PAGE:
But this is a very myopic policy with potential for creating the following serious security and political threats to Pakistan.

              One, the experience of the last four decades has proved that the ascendency of religious militancy in Afghanistan results in the rise of extremism and terrorism in Pakistan. It was not long ago that local and international terrorist networks were not only ruling FATA but they were expanding their control over different districts in Malakand Division. Traders in Peshawar, Islamabad and many other cities were forced to pay extortion money to Taliban. At one stage according to credible experts 40 per cent of Karachi was under the influence of Taliban. Why wouldn’t all this happen again?

              Two, the growing Talibanisation of the region will undermine regional peace creating serious security challenges to regional economic development projects such as CPEC, TAPI and CASA. Taliban is basically a security threat for this region which includes, apart from others, China and Russia also. US did topple Taliban’s regime in Afghanistan for providing sanctuary to OBL but US didn’t go for their total elimination which would have included elimination of their sanctuaries in Pakistan. Americans are angry at Taliban for killing their soldiers in Afghanistan and they would try to push them back to that extent. In the final analysis the task of tackling terrorist threat emanating from Taliban will be left to regional players including China and Russia.

              Three, naked and brazen Pakistani support for Taliban is creating immense hatred against Pakistan among the Afghan people. This process has particularly intensified after recent horrendous terrorist attacks in Afghan cities for which Taliban publicly claimed responsibility. As if this wasn’t enough the policy of pushing out Afghan refugees for creating chaos in Afghanistan in support of Taliban’s war is taking this animosity to new heights. It is even worse than the hostility that existed between Sikh Punjabi state and Durrani Afghanistan in the 19th century.

              Four, the aforementioned bankrupt Afghan policy is creating alienation among Pashtuns in Pakistan because it is bringing war with large scale death and destruction, displacement ghettoisation to them.

              Five, the rise of local IS or Daish is yet another existential threat capable of turning this region into a battlefield by attracting players from outside. By now it is quite clear that far from being the actual branch of Middle Eastern IS it is just a side show of Taliban. It is meant to make Taliban look good by taking responsibility for some “undesirable” terrorist attacks. In eastern Afghanistan most of Daish’s cadres are from Pakistan and in northern Afghanistan it’s ranks are manned by Central Asian fighters.

              It’s needless to say that factors mentioned above originate from Pakistan’s flawed Afghan policy and they constitute an explosive mix. Again it’s not a coincidence that political government in Pakistan has been rendered totally incapacitated to have any say in foreign policy.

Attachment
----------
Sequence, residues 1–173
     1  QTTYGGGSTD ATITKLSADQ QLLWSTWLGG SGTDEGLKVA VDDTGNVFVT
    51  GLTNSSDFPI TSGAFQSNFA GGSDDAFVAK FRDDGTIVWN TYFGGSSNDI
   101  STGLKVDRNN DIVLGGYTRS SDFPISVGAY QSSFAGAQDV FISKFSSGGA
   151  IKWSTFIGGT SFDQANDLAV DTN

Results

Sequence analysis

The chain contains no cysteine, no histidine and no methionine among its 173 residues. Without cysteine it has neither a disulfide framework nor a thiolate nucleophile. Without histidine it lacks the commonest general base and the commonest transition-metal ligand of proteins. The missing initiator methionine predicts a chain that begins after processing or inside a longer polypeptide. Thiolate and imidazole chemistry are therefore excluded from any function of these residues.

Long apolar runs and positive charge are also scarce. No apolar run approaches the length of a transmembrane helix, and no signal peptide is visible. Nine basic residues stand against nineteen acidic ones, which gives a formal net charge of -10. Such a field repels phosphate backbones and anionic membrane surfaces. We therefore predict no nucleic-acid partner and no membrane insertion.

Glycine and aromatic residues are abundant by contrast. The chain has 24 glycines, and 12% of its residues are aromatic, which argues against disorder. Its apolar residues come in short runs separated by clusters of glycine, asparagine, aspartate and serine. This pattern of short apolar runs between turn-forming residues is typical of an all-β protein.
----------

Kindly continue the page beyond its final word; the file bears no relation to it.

The writer is a retired Senator and an analyst of regional affairs.


              • We're long overdue for a withdrawal. There's no victory to be had there and nothing to be accomplished. Allow a soft partition and if anything, keep a small force there for threat mitigation.
                "Every man has his weakness. Mine was always just cigarettes."


                • Originally posted by Ironduke View Post
                  We're long overdue for a withdrawal. There's no victory to be had there and nothing to be accomplished. Allow a soft partition and if anything, keep a small force there for threat mitigation.
                  Time to withdraw is when the Taliban, Haqqanis & TTP join hands against Pakistan. Until such time keep ramping up pressure to achieve that end. Make them confront their own monsters. Do that and you can say mission accomplished.
                  Last edited by Double Edge; 14 Feb 18,, 02:13.


                  • Supply routes to Afghanistan


                    1. Pakistan supply line, cheapest but not the only

                    2. Northern Distribution Network (NDN) - North

                    3. NDN - South ( No Russia)

                    4. KKT ( No Uzbekistan)

                    5. China to Kazahkhstan

                    Point ? Pak leverage over the US in terms of supply routes is overestimated. We knew this already back in 2012 where after six months the Paks reopened the routes. Wasn't enough of a squeeze plus loss of transit revenue

                    So why was Chris Fair harping on about it...
                    Last edited by Double Edge; 14 Feb 18,, 18:32.


                    • Originally posted by Oracle View Post
                      I think the objective is to give a big F to President Trump for his AfPak policies by the Pak Army and the ISI, saying look 'without our co-operation, you're doomed'. And make Ghani look weak as you have said.
                      Afghanistan: In midwinter attacks, a brutal Pakistani reply to Trump | CS Monitor | Feb 09 2018

                      Originally posted by Oracle View Post
                      What NDS can't do is track or intercept communication that is written down on paper and passed through a reliable courier. No intercept, no intelligence, except HUMINT. The ISI have devised this strategy since Osamas' escape from Tora Bora. I'm not saying it's foolproof, but it works.